2 SSH vulnerabilities have been discovered on Cisco Virtual Appliances because the virtual machines running on VMWare and KVM virtualization platforms share a default authorized SSH key. There are already patches for these vulnerabilities. The SSH keys were initially created for customer support access. If a user were to maliciously employ these keys, they would have unlimited access and control.
Tim Erlin, director of IT security and risk strategy at Tripwire, says it is hard to say what the impact would be as no one knows the number of devices deployed.
Tim Erlin, director of IT security and risk strategy at Tripwire :
“To truly understand the scope of impact of any vulnerability, we’d have to know the number of devices actually deployed.
It’s great that there’s an update to address this issue, but customers must actually apply the patch to be protected. Unfortunately, there’s often a lag between update availability and effective deployment of patches, creating a window of risk.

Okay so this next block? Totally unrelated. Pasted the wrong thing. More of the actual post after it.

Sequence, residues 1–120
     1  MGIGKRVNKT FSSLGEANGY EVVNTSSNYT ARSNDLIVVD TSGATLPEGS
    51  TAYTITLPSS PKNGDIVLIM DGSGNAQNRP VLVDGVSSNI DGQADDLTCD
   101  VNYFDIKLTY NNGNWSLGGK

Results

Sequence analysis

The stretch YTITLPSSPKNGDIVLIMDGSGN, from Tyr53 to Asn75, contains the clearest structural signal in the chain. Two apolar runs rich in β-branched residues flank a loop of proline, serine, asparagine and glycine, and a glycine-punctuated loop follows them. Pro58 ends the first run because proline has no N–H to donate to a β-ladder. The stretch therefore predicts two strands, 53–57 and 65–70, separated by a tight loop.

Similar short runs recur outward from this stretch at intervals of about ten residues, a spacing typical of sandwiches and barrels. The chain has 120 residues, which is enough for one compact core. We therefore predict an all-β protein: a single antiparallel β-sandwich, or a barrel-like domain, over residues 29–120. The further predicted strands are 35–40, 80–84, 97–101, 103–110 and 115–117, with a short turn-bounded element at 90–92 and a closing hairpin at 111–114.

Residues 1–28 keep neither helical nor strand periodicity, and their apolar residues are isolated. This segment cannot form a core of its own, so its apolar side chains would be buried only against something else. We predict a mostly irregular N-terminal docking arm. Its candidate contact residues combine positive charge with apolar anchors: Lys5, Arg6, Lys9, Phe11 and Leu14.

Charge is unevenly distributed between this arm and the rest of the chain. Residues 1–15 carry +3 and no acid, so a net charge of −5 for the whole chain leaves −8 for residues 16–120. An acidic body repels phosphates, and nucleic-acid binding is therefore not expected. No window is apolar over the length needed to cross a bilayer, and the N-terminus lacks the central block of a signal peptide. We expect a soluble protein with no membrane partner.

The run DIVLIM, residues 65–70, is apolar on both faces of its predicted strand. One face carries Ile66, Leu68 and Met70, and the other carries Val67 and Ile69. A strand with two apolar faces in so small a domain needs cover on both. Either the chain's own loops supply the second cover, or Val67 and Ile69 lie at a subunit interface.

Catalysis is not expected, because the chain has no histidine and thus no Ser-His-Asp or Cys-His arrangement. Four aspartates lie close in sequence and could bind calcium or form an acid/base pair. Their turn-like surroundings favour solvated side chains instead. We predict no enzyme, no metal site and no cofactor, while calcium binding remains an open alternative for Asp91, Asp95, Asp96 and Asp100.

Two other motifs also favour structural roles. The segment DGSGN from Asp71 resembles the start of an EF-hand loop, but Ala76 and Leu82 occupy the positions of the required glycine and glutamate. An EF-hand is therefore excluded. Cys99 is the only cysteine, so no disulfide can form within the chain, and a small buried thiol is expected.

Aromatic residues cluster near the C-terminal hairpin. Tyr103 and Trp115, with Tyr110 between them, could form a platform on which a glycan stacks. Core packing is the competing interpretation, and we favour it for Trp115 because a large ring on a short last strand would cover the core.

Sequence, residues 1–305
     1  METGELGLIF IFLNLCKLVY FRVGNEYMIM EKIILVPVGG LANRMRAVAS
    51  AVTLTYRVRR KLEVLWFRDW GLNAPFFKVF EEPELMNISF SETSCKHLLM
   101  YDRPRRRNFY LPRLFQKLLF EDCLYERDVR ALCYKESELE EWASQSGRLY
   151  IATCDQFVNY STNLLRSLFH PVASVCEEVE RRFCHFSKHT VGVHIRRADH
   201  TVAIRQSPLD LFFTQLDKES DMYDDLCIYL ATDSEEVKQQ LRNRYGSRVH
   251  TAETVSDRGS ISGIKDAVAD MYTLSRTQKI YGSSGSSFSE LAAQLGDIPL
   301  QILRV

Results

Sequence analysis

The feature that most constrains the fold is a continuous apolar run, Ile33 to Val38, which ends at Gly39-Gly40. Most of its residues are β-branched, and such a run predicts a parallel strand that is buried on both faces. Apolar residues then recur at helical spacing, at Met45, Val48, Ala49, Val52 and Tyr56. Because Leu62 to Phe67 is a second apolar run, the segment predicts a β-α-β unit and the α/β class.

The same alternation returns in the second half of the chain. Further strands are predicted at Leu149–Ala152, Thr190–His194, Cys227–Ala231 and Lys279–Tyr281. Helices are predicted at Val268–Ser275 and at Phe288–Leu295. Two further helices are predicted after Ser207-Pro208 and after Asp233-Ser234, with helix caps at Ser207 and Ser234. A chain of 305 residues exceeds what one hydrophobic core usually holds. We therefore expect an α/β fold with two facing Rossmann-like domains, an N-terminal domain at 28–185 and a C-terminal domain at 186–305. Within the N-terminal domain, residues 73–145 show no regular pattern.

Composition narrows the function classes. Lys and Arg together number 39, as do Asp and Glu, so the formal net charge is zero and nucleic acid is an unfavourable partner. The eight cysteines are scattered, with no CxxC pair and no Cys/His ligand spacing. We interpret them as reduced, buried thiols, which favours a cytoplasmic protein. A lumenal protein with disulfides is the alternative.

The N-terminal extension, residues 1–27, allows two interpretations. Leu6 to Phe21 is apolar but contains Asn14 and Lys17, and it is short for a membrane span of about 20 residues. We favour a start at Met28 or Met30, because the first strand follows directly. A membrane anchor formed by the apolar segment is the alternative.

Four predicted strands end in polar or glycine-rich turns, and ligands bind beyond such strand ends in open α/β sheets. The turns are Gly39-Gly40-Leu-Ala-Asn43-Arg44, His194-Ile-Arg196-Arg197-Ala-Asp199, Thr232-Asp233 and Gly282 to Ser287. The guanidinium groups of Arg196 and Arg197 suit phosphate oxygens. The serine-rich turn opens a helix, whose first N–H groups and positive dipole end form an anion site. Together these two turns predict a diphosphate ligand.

Because this vulnerability affects virtual images, it’s entirely possible that some infected images could lay dormant through the initial update cycle, then introduce the vulnerability at a later date.”
Tim Erlin is a Director of Product Management at Tripwire, and is responsible for the Suite360 product line including Vulnerability Management, Configuration Auditing, and Policy Compliance. Previously, in his nearly 10 year tenure at nCircle, he has also held the positions of Senior Sales Engineer and QA Engineer. Tim’s career in information technology began with project management, customer service, as well as systems and network administration. Tim is a member of ISSA, and frequently hosts corporate webinars on various topics, including regulatory compliance.[/su_box]